Act 3: American Civil Liberties Union

This post is a little late because I found it a little difficult to write - and life is just busy!

We're down to our last week of summer, and our days are going fast, so we're trying to squeeze in whatever fun we can before school starts in nine days (not that I'm counting (I am totally counting)). We've played in the river up in the mountains, had a picnic in the garden, planted roses, made some art, watched a lot of Avatar, gone to the movies, had lots and lots of friends over and just about eaten our way through a Costco-sized box of ice cream. It has been pretty great!

This past week was busy enough that I probably could have given myself one of the 12 passes I've allowed myself for this year-long project, but I've been distressed enough about the ICE raids and detention centers at the southern border of the United States that I felt like I had to do something. As an immigrant and a non-citizen myself (I'm a permanent resident of the United States), I tend to keep my head down where politics are concerned, especially immigration politics. I'm uncomfortably aware of the privileges I enjoy as a white European immigrant whose foreignness is more charming than it is threatening. The Americans around me have met me with nothing but friendship, love and inclusion, and I am reluctant to come across as an ungrateful or critical guest - which, at the end of the day, is essentially what I am.

But it hurts to see families being separated and people suffering in inhumane conditions. And I feel such a need to do something. So I donated to the American Civil Liberties Union. 

Listen, I originally wrote quite a long post about my thoughts and feelings in regards to the current immigration situation. But it didn't feel quite right somehow, so I let it sit for a few days while I tried to work out why, and this is what I came up with: I don't want to be divisive. I see a lot of problems in our society stemming from our propensity to divide ourselves into "us and them," and it causes nothing but more hard feelings and bitterness. I know the loveliest people on both sides of The Great American Political Divide, who say the unloveliest things about people on the other side. But we're not going to improve anything by pointing fingers, dishing out blame and "othering" our neighbors to the point that we can't talk to each other. We need to build bridges across the divide, find common ground and a common purpose to work towards. To go a bit John Lennon: "it's easy if you try."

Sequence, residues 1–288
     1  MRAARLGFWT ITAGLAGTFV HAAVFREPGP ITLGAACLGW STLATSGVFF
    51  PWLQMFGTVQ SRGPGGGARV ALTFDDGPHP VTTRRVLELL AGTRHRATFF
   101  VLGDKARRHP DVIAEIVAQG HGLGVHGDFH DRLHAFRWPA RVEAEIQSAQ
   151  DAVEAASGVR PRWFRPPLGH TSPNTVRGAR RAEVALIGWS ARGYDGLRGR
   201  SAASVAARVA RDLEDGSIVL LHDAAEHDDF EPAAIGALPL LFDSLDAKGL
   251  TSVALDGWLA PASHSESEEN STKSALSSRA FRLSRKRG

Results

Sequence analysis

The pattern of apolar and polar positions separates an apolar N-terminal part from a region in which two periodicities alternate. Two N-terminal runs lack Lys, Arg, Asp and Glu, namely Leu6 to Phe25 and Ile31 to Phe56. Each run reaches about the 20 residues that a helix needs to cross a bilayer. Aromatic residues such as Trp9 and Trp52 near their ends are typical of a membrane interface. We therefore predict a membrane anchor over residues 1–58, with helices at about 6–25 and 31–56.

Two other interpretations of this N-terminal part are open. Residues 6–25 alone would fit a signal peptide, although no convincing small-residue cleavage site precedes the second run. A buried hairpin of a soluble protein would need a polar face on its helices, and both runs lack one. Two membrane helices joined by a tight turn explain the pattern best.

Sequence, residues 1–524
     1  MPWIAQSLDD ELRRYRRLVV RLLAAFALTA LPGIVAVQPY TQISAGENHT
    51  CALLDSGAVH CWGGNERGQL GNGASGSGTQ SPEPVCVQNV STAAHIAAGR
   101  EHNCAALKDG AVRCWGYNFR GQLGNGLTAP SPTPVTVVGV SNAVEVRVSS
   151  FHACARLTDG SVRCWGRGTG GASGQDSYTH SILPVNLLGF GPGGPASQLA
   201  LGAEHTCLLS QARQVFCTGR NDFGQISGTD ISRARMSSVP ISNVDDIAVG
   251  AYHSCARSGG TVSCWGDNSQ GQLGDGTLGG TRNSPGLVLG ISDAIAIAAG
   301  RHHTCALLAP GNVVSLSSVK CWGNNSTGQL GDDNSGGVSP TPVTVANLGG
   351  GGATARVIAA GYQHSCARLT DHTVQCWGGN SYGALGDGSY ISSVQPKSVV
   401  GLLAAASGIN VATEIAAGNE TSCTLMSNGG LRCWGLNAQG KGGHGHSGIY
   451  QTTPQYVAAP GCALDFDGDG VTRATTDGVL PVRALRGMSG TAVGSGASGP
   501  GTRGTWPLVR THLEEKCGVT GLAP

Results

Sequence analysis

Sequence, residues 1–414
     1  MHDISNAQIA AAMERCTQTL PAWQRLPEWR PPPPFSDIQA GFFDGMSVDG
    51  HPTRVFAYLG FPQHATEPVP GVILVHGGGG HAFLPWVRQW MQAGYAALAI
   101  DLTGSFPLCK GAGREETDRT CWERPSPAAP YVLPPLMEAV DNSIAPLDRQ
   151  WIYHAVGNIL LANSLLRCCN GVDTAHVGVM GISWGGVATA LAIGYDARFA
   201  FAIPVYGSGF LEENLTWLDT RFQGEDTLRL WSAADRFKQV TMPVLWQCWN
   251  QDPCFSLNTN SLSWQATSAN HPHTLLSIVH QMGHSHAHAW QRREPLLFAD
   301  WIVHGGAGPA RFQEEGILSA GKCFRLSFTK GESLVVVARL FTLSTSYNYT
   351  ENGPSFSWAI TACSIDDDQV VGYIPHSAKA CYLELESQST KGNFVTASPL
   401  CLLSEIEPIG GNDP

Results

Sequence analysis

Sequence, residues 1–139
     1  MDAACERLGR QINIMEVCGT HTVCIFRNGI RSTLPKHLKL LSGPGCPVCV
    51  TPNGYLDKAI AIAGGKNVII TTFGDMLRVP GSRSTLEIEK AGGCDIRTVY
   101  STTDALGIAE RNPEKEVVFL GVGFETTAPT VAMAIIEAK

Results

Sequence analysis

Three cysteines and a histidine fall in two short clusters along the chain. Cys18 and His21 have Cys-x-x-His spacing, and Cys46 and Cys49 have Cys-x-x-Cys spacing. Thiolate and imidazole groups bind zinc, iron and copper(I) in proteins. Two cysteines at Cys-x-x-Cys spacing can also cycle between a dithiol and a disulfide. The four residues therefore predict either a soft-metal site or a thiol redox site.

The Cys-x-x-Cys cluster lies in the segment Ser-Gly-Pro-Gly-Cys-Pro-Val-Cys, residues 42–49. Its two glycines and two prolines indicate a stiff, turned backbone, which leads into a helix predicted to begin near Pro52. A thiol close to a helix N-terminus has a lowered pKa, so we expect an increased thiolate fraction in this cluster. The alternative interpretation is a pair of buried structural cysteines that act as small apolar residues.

Anyway, back to the American Civil Liberties Union. I chose to donate to them this week because I believe they are an organization that is genuinely seeking to bridge that divide. In essence, the ACLU is an organization that works within the court system and legislature to "defend and preserve the individual rights and liberties that the Constitution and the laws of the United States guarantee everyone in this country". They are both non-profit and non-partisan. You can read more about the ACLU and what they do here. Sometimes I completely agree with the cases they take on (voters rights! Privacy protections! Religious freedom!), and sometimes they're defending the rights of individuals or organizations that are completely reprehensible beyond comprehension to me (like the Ku Klux Klan...). But I admire that they are willing to work  to ensure that no one's constitutional rights are being violated and that everyone is treated fairly. 

As someone who believes laws and fairness, they are an organization that really resonates with me. So, you can imagine, that when I learned that they are working to protect the rights of immigrants, I felt really good about donating some money to ensure that everyone gets a fair hearing. I like that the ACLU are working towards both helping individuals have proper representation now, as well as seeking longterm solutions through advocating for necessary changes in legislature. I'm happy to add my small drop to that bucket. You can read more about immigrants' rights from the ACLU here - and I recommend that you do. Being informed is key. 

Bonus! One of my friends from college is now a teacher and an education advocate extraordinaire. Her hard work and passion for helping her students is nothing short of inspiring. So when she posted on her facebook page about preparing for a new school year with 36 kids in her class, many of which come from pretty tough backgrounds, I sent her a little donation for "pencils, Kleenex and Diet Coke". Teachers are incredible people. Go love on one today. 


  1. Thank you for this! I especially loved the paragraph beginning with "listen" and ending with John Lennon.


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